This has proven to be successful for Hunte, who, over the years, developed a loyal customer base, as well as industry acclaim. “I just always had to believe in myself and push forward, and I knew that I could do it,” Hunte says. “It’s a dream come true to dress the former First Lady Michelle Obama and Beyoncé.” It wasn’t without its challenges, though. For one, when Hunte was attending the Fashion Institute of Technology (in which he enrolled after turning down two full athletic scholarships), there were not many Black designers that were doing what he wanted to. “There was only, like, Tracy Reese that was on the [fashion] calendar,” Hunte says. “Tracy Reese is an amazing, beautiful designer of beautiful dresses, but I'm not really a dressmaker. So it was hard for me to relate. But it was very inspiring to see.” 
Breaking into the fashion industry proved even harder. “I've been told a lot, ‘It takes time.’ And I'm like, ‘Well, if it takes time, I don't really see that with other designers that are not Black.’ I've seen designers start their first year, their companies skyrocket, and they're all over the internet. They're all over the publications.” He tells me of his first big show, a moment that should have been a celebration of his hard work and talent. “Right before the show started, it was chaos backstage, we are all trying to start on time, open the doors,” he says, recalling a conversation he overheard between two people working the event. My show got called ghetto until the doors opened and the models were all dressed, and then the same people who called it ghetto was like, ‘Oh my god, it was so many good, important, amazing people [watching the show], so much support in the industry.’”
This is hardly an isolated incident for designers of color in an industry that favors whiteness and tries to disregard talent even when it’s right in front of their eyes. “You have to prepare yourself. The industry's not easy, period. I just feel like, as a Black designer, my experience is that I feel like I have to work double, triple harder to even still be here,” he says. “Your work gets overlooked.” With that in mind, Hunte, as someone who has built a strong business and client base, hopes he can inspire young designers to keep following their dreams. “I try and utilize my platform to inspire other designers, to motivate them, like, ‘You can do this, too,’” he says.
While the pandemic has been hard enough on independent designers like Hunte, the news of George Floyd, a Black man, being killed at the hands of the police, added a new layer. “It was a lot mentally to take,” says Hunte. "It was just really hard for us to get back to work, it was so much weight. We already were going through a lot, keeping each other strong, and then for that to happen and more heavy weight to take on moving forward with the brand…” 
Following the racial justice protests, fashion — that has long overlooked Black creatives and kept them out of boardrooms — is going through a reckoning, with many calling on the industry to do better in supporting Black creatives. “I think what young designers want is to be included in the stories and have a seat at the table; their work to be compared to the bigger houses, and not just compared but in mind with the bigger houses for trends, and their drops and collaborations to be acknowledged and to be published. That's what really helps a business,” Hunte says. “I just think it has a lot to do with your presence: How much are you celebrated? How much are you acknowledged? Where do you sit?”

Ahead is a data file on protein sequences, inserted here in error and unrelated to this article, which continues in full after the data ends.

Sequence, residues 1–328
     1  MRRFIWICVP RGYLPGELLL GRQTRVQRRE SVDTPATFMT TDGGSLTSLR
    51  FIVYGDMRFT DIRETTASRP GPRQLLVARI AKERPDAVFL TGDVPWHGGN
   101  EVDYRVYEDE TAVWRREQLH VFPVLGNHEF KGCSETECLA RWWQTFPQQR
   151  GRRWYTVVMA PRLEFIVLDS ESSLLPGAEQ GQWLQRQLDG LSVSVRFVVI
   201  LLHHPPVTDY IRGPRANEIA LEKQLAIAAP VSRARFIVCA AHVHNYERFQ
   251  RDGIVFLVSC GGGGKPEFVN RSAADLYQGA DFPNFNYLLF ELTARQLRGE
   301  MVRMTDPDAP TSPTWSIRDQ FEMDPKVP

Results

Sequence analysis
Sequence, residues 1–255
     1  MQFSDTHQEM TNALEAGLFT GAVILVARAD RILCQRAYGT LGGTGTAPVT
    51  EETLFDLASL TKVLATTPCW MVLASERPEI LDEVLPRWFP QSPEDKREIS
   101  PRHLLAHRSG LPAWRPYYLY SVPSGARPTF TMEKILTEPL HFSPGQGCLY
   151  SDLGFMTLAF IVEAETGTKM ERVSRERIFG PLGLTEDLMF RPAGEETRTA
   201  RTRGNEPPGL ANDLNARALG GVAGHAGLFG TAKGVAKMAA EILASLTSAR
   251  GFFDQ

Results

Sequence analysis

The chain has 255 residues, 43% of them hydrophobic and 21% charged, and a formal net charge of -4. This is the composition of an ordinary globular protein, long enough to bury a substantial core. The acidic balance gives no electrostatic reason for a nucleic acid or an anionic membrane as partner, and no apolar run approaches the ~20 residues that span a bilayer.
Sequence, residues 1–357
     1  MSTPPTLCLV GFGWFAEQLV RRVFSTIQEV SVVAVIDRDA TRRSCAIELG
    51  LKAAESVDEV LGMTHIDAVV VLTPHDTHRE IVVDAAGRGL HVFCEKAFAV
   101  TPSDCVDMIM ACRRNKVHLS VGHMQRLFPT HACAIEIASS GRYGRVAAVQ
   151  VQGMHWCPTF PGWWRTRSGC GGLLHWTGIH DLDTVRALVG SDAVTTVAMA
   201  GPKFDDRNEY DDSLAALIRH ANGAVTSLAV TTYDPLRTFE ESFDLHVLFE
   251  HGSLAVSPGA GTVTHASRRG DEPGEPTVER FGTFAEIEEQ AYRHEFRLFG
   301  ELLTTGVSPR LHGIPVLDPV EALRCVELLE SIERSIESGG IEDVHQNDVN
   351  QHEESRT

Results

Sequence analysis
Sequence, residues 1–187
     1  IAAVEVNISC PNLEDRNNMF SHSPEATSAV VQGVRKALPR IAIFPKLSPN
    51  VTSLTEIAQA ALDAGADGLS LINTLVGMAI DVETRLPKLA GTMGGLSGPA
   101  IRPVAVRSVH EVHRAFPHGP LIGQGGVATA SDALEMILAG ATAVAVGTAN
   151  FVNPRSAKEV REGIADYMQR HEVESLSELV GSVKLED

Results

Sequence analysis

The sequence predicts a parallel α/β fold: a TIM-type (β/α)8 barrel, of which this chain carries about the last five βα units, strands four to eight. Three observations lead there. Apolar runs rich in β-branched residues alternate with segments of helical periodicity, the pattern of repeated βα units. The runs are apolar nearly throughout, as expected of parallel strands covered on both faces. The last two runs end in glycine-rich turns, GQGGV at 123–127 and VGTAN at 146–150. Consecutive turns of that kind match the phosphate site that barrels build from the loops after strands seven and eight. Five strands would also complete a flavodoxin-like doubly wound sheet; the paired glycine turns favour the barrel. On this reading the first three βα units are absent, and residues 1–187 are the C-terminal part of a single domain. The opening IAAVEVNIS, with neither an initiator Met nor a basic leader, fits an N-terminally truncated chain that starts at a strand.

At the time of the interview, Hunte is unsure of his plans for NYFW or the future. “I feel like everyone loves the show and the energy of the models walking. You don't know what's coming out, what's going to walk out next kind of thing,” he says. “At the same time, I don't know if my client is looking forward to it and that it will make them feel like, ‘I want to get up and wear a Romeo Hunte look and feel fabulous again.’ Or is it, ‘I need to pay the rent and the bills and keep lights on’? I don't know. We don't know. We're taking it day by day.”
That uncertainty doesn’t faze him: “The team, we've been strong. We went through wars, but this is one where we're prepared, and we're going to go hard for this show, and for the next season, too.” All to say: We’ve seen nothing yet.
11 febrero 2021 — Nikita Singh
An Interview With Designer Romeo Hunte Who Dresses Beyoncé and Zendaya

An Interview With Designer Romeo Hunte Who Dresses Beyoncé and Zendaya

He is well on his way to becoming a household name.
Not many people would turn down a scholarship to college for track and field. Fewer would do so in order to attend fashion school. But for Romeo Hunte, forgoing his full rides to both Long Island University and St. Francis College to study at the Fashion Institute of Technology was a relatively easy decision. “Making that choice was kind of a fork in the road for me but I just knew I had to do fashion,” says the Brooklyn native, who was just as well known for his personal style as his athletic abilities in high school. “My grandmother taught me how to sew and starting when I was 13, I used to take my mother’s old vintage clothes, cut them up and reassemble them,” says Romeo. “Fashion was just always there for me. It was in me.”
While honing his technical craft in school, Romeo did something that is key for anyone hoping to pursue a career in fashion (take note!): he worked and interned within various sectors of the industry. “I had a part-time job in luxury retail as a personal shopper and also interned at Prada in their marketing department,” explains the designer, who says his time in retail later influenced his brand because he understood what real women wanted to wear. “The internship that was most interesting to me was at Vibe Magazine in the fashion department,” he continues. “I learned about sample trafficking and witnessed how much hard work goes into a magazine. I learned so much and it has all stuck with me to today.”